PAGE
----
Asmussen | Big Ten football is in the Karras blood

Who you got for First Family of Big Ten Football?
For my money, the answer is easy: the Karras family.
In three generations, seven represented five different Big Ten schools: Illinois, Indiana, Iowa, Northwestern and Purdue.
Three Karras family members — Ted III, Ted Jr. and Tony — appeared on Friday’s edition of “Penny For Your Thoughts” on WDWS.
The hour-long segment hosted by Voice of the Illini Brian Barnhart, included News-Gazette legend Loren Tate. It was put together with the help of Champaign’s Jimmy Bean, a friend of the football family.
The Karrases understand they are known as a football family, but don’t dwell on it. Or brag about it.
“We had a sense of it, but it didn’t seem to be that big of a deal,” Ted Jr. said. “Football, you’ve got to prove yourself whatever your last name is.”
Most of them were prep stars. There was an exception.
“Everyone else was really highly recruited,” Ted Jr. said. “I’m the guy that had to have telegrams sent out back in the day to get recruited. Thankfully, Dennis Green gave me a shot.”
Of course, they mentioned the late Alex Karras, Ted III’s great uncle, who starred with the Detroit Lions before moving on to Hollywood.
Alex Karras played iconic character Mongo, famous for knocking out a horse in the Mel Brooks’ hit “Blazing Saddles.”
Alex is a member of both the Pro Football and College Football Hall of Fame
Ted Karras Sr., Ted III’s grandfather, played at Indiana and for George Halas with the Chicago Bears. Ted Sr. spent nine years in the NFL with the Bears, Steelers, Lions and Rams. He won a title with the Bears.
“Just a great father figure,” Ted Jr. said. “Some of the great joys I had later in life with him was the opportunity to coach with him. Just a wealth of knowledge in football and a great man.”
What were Ted Sr.’s thoughts on Halas?
“He said, ‘He threw nickels around like they were manhole covers,’” Ted Jr. said.
Ted Jr. played for Super Bowl winner Washington after spending his college years at Northwestern. Ted Jr. is currently coaching at Marian University, an NAIA school in Indianapolis. He started in the program in 2006.
Lou Karras, brother of Alex and Ted Karras Sr., played at Purdue and later with Washington in the NFL.
Tony Karras, Ted Karras Jr.’s brother, played at Northwestern. Another Karras, Paul, also played at Iowa.
“I was at Northwestern when uncle Alex was doing ‘Webster’ so that was really cool,” Tony said.
There might be another Karras on the way to the Big Ten. Tony’s son Luke is a running back and linebacker at Casey-Westfield. Somehow, he is not a lineman like the rest of the bunch.
“He’s probably the fastest one of all of us,” said Tony, who is coaching at the high school.
Adding to the legacyTed III is entering his eighth season in the NFL. He played five years with the New England Patriots in two stints. He was part of the 2017 Super Bowl champions.
He also had a stop with the Miami Dolphins.
Ted III signed with the Cincinnati Bengals before the 2022 season and is the team’s starting center. Led by quarterback Joe Burrow, Cincinnati is considered a strong contender to win the AFC.
Ted III’s NFL experience in terms of wins is different than his time at Illinois. He was part of two bowl teams and only one winning season.
“My tenure at Illinois was pretty tenuous,” Ted III said. “I came in under (Ron) Zook and we had (Tim) Beckman and Bill Cubit. We didn’t win as much as I would like. But we had a lot of the guys in the league. We always recruited pretty well and never could put it together on the field.”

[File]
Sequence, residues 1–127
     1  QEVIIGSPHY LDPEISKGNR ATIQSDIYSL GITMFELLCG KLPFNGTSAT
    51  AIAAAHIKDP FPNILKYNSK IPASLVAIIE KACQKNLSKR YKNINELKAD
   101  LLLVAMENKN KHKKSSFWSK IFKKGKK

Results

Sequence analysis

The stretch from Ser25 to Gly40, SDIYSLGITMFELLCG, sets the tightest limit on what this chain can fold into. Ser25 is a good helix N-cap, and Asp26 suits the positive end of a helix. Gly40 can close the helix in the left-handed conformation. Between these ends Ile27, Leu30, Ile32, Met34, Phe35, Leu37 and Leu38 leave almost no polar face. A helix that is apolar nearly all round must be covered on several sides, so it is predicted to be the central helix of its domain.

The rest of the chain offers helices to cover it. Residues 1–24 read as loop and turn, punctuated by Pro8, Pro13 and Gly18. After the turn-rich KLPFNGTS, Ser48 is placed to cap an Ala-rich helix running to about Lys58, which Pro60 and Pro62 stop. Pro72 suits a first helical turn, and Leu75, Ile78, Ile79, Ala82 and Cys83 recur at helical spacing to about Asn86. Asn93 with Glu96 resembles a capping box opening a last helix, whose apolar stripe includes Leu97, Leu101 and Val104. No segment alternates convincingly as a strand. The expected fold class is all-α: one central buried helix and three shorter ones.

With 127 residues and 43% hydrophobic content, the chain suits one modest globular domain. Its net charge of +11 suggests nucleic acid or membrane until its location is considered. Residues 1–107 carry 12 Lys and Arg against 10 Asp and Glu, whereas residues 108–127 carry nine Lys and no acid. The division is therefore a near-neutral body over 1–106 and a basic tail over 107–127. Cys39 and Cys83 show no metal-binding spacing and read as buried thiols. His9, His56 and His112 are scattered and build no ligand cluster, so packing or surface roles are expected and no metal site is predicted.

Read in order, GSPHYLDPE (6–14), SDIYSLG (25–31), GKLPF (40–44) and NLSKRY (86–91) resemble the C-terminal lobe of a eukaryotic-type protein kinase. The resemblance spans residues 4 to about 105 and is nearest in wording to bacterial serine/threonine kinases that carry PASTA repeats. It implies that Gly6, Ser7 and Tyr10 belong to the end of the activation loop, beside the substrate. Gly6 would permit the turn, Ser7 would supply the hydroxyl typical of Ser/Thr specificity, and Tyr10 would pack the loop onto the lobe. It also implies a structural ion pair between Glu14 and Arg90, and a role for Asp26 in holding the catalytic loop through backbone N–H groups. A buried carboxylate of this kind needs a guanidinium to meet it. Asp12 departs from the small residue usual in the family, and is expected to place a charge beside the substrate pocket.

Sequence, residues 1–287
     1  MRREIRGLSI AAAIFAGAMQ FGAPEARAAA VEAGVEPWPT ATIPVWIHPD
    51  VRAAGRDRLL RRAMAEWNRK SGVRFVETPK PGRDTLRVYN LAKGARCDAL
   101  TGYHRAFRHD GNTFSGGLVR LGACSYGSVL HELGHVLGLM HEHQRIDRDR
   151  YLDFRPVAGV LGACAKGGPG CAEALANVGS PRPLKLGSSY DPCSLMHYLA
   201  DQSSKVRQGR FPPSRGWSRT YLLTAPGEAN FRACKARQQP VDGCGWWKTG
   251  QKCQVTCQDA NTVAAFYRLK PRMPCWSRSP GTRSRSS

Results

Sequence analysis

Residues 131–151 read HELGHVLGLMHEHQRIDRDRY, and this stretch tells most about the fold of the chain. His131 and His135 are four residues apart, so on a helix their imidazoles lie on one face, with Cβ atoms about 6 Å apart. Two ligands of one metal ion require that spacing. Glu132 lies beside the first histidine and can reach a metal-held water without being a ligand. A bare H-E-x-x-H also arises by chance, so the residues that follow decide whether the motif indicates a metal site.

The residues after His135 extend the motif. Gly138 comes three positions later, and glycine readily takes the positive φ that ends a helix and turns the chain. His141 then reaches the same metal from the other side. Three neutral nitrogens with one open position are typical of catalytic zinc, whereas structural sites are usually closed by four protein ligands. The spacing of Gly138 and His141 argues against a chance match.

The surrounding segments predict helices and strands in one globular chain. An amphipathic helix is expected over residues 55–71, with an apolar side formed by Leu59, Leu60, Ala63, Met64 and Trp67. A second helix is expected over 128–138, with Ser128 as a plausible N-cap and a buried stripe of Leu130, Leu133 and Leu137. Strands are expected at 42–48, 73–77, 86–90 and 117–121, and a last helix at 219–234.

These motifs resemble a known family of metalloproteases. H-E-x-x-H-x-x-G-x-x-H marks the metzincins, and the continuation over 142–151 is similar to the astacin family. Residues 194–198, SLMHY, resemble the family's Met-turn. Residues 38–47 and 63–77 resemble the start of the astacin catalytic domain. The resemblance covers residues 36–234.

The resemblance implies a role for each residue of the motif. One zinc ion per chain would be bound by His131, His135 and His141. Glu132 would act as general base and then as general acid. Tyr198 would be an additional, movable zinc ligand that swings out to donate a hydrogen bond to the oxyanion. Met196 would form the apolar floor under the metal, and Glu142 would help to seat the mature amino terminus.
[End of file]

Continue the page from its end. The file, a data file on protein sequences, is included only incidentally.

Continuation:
Ted III is about to start training camp in Cincinnati. Quarterbacks and rookies report Saturday and the rest start Tuesday.
Ted III, a standout offensive linemen for Illinois from 2011-15, is being joined this season by another former Illini. Running back Chase Brown, a fifth-round pick, is a rookie with the Bengals.
“I foresee him being a contributor to our offense this year,” Ted III said.
During his time in New England, Ted III worked with NFL G.O.A.T. Tom Brady. What was that like?
“He led us to glory several times,” Ted III said. “He’s a very demanding QB. He taught me the center position. What better teacher than Tommy B.?”
Helping hands
Though his family history is filled with football players, Ted III said he never felt pushed into the sport. Ted. Jr. was more about fitness.
“Starting from a young age, doing push-ups, situps and jump rope, that was our daily routine,” Ted III said. “He set such a great example. We had a love for the game together.”
The Karras name didn’t help Ted III with scholarship offers. Illinois and Indiana were the only two from the Big Ten.
“I visited Champaign and committed on the spot,” Ted III said. “Zook did a great job pitching it. I wanted to forge my own path. I didn’t want to go to Indiana because all my friends were going there. I wanted to try something new. I had a fantastic time in Champaign. Left with two degrees.”
Ted III likes what he sees in the current team, now coached by former Wisconsin boss Bret Bielema.
“I actually got to spend two seasons with Bret in New England,” Ted III said. “I have a lot of respect for him. He’s a great coach. He’s had a great Big Ten record.
“I’m really excited. He’s really upped the recruiting. He’s really upped the style of play that Illinois does need to play and that’s physical. Those are Bret’s teams. The facility (Smith Center) doesn’t hurt.”
Giving back
For years, before joining the NFL, Ted III has been raising money for Village of Merici. It is an Indianapolis residential community for adults with developmental disabilities.
Ted III sells hats with “Cincy” in the Bengals colors. All of the proceeds go to Village of Merici.
He has raised more than $750,000, which has allowed the Village to triple its number of residents.

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